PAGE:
Canada: Superior Court Recognizes Tort Of Harassment

Merrifield v The Attorney General, 2017 ONSC 1333



In Merrifield v The Attorney General of Canada, 2017 ONSC 1333, the Ontario Superior Court of Justice recognized harassment as a tenable cause of action.

In this case, the Plaintiff is employed by the Royal Canadian Mounted Police ("RCMP"). He alleged that after participating in a Barrie nomination meeting for the Progressive Conservative Party in 2005 his superiors made certain unjustified and unwarranted decisions about him based on allegations that had no merit. The RCMP accused him of committing criminal offences and subjected him to a groundless internal investigation. He further pleaded and testified that his superiors harassed and bullied him; they had damaged his reputation, impaired his career advancement, and caused him to suffer severe emotional distress including depression. The Plaintiff claimed damages for harassment, among other heads of damages.

Of note, the Plaintiff did not allege a violation of the Human Rights Code when claiming damages for harassment. His claim was against the defendants for committing the common law tort of harassment.

After analyzing past case law, Vallee J. determined that the tort of harassment does exist and has been recognized as a cause of action in Ontario. Vallee J. determined that the appropriate test for the tort of harassment is found in McHale v Ontario, 2014 ONSC 5179, and McIntomney v Evangelista Estate, 2015 ONSC 1419:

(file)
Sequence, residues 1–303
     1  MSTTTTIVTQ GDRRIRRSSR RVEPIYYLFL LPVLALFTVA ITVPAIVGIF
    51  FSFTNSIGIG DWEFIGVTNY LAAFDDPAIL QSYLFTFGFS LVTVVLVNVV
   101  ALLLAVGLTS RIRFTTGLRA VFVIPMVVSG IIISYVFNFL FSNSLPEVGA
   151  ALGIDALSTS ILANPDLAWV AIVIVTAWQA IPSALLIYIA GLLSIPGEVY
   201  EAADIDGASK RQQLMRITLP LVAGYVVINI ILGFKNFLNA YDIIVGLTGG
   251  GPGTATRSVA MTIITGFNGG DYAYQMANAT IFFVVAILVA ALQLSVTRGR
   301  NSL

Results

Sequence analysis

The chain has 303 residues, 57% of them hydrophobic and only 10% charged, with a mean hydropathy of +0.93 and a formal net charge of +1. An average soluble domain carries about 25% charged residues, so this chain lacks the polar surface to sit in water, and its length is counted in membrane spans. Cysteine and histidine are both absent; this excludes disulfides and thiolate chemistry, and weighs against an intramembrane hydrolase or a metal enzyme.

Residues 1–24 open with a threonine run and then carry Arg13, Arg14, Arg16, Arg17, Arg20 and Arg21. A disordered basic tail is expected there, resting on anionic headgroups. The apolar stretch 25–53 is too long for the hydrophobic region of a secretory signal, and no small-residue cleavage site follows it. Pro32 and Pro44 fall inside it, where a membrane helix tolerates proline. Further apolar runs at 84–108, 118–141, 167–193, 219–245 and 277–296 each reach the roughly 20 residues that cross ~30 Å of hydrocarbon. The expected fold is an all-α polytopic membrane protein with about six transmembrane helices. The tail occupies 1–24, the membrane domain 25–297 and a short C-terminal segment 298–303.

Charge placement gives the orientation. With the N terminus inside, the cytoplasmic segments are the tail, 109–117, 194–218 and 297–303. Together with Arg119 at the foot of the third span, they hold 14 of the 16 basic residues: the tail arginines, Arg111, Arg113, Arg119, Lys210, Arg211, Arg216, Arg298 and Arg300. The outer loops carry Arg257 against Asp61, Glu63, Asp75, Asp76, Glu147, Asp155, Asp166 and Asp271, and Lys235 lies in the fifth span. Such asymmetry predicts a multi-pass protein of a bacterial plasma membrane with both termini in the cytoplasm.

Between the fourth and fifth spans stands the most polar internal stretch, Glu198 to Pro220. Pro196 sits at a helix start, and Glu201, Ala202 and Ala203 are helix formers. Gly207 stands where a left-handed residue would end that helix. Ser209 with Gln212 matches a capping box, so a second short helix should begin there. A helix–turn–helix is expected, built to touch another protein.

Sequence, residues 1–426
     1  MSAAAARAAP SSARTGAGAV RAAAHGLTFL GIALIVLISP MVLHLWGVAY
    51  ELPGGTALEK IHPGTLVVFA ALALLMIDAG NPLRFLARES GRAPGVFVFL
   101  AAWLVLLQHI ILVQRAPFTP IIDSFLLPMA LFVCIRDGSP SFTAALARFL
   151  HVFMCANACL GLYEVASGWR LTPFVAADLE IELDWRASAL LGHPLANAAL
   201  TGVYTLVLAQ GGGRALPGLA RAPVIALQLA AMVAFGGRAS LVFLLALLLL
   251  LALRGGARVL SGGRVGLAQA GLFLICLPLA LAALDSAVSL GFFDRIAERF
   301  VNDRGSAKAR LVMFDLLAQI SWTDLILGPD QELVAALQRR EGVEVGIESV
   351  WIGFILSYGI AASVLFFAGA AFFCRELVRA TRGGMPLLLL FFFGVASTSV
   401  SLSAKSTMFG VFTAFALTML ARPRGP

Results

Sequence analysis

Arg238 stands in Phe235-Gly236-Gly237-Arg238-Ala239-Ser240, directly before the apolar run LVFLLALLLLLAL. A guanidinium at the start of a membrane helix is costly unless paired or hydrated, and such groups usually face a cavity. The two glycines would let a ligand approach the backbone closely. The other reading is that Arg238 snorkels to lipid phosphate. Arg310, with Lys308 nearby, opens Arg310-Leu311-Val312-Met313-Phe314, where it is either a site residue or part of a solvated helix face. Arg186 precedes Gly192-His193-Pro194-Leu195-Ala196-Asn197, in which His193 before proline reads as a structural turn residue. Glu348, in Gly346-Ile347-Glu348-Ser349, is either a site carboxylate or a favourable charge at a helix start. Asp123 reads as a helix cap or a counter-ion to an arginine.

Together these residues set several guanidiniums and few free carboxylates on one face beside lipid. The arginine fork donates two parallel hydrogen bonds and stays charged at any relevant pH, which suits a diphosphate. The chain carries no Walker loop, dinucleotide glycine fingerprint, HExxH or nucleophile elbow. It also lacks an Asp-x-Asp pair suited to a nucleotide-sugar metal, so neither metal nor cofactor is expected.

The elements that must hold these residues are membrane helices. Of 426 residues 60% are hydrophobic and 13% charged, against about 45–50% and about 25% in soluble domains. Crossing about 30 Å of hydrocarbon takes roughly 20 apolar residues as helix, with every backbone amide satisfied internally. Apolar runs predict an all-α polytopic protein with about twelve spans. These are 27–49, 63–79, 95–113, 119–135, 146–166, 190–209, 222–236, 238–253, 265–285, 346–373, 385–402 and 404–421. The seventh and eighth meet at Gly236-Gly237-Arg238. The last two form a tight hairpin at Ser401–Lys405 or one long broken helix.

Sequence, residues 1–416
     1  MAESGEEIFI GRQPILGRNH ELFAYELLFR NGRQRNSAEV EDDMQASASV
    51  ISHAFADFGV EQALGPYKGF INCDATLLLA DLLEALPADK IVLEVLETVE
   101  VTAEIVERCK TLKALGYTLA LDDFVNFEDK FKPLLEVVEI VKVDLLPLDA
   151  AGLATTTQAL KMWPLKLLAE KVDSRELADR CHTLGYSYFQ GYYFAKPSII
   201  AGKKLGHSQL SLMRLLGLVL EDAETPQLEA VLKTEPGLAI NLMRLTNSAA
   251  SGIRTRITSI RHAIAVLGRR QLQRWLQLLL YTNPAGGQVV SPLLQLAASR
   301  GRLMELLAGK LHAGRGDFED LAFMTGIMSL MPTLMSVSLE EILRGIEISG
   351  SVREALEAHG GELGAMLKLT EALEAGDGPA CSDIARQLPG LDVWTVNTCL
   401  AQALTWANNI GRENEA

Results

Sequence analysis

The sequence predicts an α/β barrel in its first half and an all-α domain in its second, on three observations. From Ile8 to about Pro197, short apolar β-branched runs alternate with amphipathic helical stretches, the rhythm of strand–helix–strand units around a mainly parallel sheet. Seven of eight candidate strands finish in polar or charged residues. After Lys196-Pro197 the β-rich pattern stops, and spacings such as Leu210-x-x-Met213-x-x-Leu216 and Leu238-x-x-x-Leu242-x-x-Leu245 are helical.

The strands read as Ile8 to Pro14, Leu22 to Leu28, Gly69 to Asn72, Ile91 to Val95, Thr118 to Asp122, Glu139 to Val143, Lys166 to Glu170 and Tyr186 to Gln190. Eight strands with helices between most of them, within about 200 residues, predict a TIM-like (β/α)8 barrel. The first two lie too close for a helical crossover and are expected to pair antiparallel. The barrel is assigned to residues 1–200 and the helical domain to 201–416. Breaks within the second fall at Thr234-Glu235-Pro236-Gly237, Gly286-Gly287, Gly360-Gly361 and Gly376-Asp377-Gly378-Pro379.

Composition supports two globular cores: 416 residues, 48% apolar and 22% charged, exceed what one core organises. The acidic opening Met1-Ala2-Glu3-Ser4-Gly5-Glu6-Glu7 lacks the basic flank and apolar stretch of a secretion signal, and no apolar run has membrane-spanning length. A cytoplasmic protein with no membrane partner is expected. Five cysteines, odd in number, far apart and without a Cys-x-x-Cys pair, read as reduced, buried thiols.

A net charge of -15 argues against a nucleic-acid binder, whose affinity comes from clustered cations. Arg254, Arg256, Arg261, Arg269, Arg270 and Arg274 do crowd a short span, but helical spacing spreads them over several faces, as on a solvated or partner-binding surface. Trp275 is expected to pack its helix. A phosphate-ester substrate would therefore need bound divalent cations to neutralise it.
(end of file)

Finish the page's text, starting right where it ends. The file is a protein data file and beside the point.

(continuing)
1. Was the conduct of the defendants toward the Plaintiff outrageous?
  2. Did the defendants intend to cause emotional stress or did they have a reckless disregard for causing the Plaintiff to suffer from emotional stress?
  3. Did the Plaintiff suffer from severe or extreme emotional distress?
  4. Was the outrageous conduct of the defendants the actual and proximate cause of the emotional distress?

The Definition of "Outrageous" conduct

Vallee J. analogized the requirement for "outrageous" conduct with the requirement that the conduct be "outrageous and flagrant" in establishing intentional infliction of mental suffering. Vallee J. referenced the decision in Boucher v Wal-Mart Canada Corp., 2014 ONCA 419, in which the court found flagrant and outrageous conduct when the plaintiff's supervisor "belittled, humiliated and demeaned the plaintiff continuously and unrelentingly, often in front of co-workers, for nearly six months".

The Definition of "Reckless Disregard"

Vallee J. adopted the definition of "reckless" from Piresferriera v. Ayotte, 2010 ONCA 384: "'proceeding in the face of subjective awareness that harm of the kind that resulted was substantially certain to follow . . . [the] consequences must be known by the actor to be substantially certain to follow'". Vallee J. further stated that "intention does not necessarily stem from or follow foreseeability" and that there remains a high threshold for constructive intention.

The Definition of "Severe or Extreme Emotional Distress"